For example:

  • If a bank’s policy is to require a fingerprint on all non-customers cashing a check, whether an “on-us” check or otherwise, the policy must be applied consistently.  Tellers and other bank personnel should not be authorized to waive or modify the policy.
  • A bank can establish a dollar threshold below which it will not require a thumbprint.  Again, the policy must be applied consistently.  Tellers and other bank personnel should not be authorized to waive or modify the policy.
  • A bank can choose to cash “on-us” checks without requiring a fingerprint; however, because stolen or forged payroll checks often account for a significant portion of bank losses due to fraud, such a policy could dilute the effectiveness of the program.  Again, the policy must be applied consistently.  Tellers and other bank personnel should not be authorized to waive or modify the policy.
  • A small town bank can choose to thumbprint only those non-customers living outside their county if the boundaries of the county are explicitly defined in the bank’s policy.  A subjective determination by a teller or other bank personnel of whether a particular address is in the county should be avoided.  The policy must be applied consistently.  Tellers and other bank personnel should not be authorized to waive or modify the policy.

These are just a few examples of the way a bank can structure its policy on the Thumbprint Signature Program.  Generally, the simpler the policy, i.e., requiring fingerprints on all non-customers, the easier it will be to carry out.  In evaluating your policy, be mindful that unlawful discrimination can occur in three ways:

  1. When a policy is discriminatory on its face;
  2. When a policy is not discriminatory on its face, but is applied in a discriminatory manner; and
  3. When a policy is neither discriminatory on its face nor applied in a discriminatory manner, but has the effect of discriminating against a protected class.

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Operating Policies & Procedures

General Information
On December 1, 1996, participating Nebraska financial institutions began using a new security device referred to as the Thumbprint Signature touch pad.  The touch pad is intended to deter counterfeit and stolen check fraud by obtaining a Thumbprint Signature (thumbprint) from non-customers (customers who do not have a depository relationship with the institution) when cashing “on-us” and “not-on-us” checks.  The Thumbprint Signature can be used by law enforcement agencies in the investigation of fraud claims made by account holders, and financial institution’s usage of the program is a natural deterrent.  Participants will not retain the Thumbprint Signature in their files and the signature will be shared with law enforcement officials only in cases of suspected fraud.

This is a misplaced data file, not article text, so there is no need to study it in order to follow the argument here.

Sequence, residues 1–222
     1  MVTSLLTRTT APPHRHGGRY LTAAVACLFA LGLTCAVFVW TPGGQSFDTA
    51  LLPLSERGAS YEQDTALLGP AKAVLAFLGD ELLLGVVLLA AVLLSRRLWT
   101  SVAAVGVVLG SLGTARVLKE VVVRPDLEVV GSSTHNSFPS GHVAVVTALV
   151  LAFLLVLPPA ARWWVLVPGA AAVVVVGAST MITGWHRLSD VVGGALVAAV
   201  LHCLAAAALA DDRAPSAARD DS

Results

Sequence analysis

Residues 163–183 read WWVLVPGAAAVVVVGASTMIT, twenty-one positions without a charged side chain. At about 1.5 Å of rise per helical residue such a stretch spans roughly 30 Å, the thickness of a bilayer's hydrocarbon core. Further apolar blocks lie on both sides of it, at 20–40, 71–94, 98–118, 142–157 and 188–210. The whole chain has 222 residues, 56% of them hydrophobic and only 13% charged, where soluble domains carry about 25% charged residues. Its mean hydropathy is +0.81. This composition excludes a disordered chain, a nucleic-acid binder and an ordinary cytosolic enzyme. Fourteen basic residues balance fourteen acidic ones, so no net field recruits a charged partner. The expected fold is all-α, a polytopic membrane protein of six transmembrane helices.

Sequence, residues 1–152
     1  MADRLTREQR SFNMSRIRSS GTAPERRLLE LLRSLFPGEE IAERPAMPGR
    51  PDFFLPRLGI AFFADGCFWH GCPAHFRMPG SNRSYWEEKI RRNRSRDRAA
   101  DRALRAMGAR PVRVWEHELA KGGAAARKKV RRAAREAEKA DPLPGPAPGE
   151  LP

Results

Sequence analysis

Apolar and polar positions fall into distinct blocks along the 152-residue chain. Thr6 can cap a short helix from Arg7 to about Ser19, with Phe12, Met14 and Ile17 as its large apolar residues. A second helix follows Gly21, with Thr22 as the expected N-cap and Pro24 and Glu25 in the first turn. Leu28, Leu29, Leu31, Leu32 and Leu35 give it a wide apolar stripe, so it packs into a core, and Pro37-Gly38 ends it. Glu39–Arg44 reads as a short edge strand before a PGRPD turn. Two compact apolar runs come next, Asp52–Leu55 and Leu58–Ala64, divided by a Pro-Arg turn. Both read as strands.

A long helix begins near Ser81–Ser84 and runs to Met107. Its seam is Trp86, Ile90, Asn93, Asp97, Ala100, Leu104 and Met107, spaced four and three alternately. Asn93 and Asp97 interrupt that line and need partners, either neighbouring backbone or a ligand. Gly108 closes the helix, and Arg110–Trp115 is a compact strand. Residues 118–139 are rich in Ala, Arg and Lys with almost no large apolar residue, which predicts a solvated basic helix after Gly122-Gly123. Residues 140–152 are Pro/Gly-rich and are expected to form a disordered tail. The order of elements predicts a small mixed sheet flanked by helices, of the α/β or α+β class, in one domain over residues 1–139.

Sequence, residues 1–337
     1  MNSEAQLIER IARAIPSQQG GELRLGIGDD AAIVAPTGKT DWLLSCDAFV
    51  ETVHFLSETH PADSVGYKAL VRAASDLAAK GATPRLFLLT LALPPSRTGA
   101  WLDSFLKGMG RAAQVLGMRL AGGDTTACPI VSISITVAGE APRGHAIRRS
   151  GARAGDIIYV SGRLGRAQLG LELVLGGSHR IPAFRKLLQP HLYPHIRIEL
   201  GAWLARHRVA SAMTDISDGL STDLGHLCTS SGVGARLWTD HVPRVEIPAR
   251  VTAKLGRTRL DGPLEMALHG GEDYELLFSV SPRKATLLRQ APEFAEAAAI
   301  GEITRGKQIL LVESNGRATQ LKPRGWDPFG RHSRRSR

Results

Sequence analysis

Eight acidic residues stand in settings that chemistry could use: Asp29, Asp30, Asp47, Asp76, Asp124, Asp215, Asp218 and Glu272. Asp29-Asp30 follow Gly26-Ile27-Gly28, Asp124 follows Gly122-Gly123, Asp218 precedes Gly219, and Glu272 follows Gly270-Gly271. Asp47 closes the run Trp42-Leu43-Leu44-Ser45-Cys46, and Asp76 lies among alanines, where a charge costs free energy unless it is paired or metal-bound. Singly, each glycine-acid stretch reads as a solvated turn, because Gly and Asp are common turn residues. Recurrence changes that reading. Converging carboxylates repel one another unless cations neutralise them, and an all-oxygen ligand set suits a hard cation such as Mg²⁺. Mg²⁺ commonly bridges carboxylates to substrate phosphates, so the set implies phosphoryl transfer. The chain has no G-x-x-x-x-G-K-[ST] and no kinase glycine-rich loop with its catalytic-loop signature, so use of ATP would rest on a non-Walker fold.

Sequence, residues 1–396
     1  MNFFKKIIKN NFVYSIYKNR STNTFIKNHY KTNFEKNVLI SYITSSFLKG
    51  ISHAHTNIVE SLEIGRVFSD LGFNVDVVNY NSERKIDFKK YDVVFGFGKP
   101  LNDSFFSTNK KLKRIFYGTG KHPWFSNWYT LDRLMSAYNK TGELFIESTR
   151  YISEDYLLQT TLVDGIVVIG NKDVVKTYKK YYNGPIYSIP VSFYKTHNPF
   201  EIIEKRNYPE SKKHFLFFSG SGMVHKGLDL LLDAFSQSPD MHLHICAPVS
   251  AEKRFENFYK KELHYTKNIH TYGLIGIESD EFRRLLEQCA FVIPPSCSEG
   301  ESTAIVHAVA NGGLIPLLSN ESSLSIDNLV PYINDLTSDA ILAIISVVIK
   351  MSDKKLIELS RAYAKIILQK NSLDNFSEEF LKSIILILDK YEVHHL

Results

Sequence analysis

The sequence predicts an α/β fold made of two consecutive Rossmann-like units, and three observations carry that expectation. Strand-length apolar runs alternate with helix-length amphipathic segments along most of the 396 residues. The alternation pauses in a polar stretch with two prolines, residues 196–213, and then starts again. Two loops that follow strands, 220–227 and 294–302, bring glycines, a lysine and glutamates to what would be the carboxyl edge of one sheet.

Background
Pilot programs in Arizona and Nevada were found to be helpful in decreasing check fraud.  Early reports indicate decreases in check fraud of up to 75 percent since implementation of these pilot programs.  In addition, less than 1 percent of presenters refused to provide the requested thumbprint.  Neither Arizona nor Nevada experienced public criticism of their programs.  Since that time, more than 35 state bankers associations have endorsed the program, or one similar to it, and are actively promoting the Thumbprint Signature Program.

Touch Pad Description
The touch pad is a round, plastic, inkless thumbprinting device approximately 2" in diameter and 1/2" in depth that leaves no residue on the thumb.  Users simply rub their fingers together and any remaining ink disappears.  The touch pad is not the same as an ink pad and will not leave ink on a user’s thumb or clothing.

How the Touch Pad Works
The presenter of the check presses the thumb of his or her right hand on the pad and places the impression of the thumb on the face of the check between the memo and signature lines.  If the presenter is disabled and cannot use his or her right thumb, an impression of the left thumb is placed on the check and noted “left hand” on the check next to the thumbprint.  Should both thumbs be disabled, an impression of the right index finger is taken and “right index finger” is noted next to the print.

NOTE:  The Thumbprint Signature is not used as identification, but is recorded in addition to a customary ID.

When to ObtainaA Thumbprint Signature
A Thumbprint Signature should be obtained when:

  • a non-customer presents an “on-us” or “not-on-us” check for encashment.  This includes employees of commercial or business account customers who present payroll checks drawn on the participating institution.
  • a non-customer presents an “on-us” check for exchange to a cashier’s check.
  • a non-customer presents a government check for encashment.

NOTE:  To comply with all applicable federal laws and regulations, a Thumbprint Signature should be obtained from every non-customer every time a check is presented for payment.  Distinctions should not be based on appearance or suspicious vs. non-suspicious circumstances.  Financial institutions in rural markets may want to develop a specific policy requiring a Thumbprint Signature only from non-residents of the community or county, but it is important to apply equal treatment to all non-customers once a policy is adopted.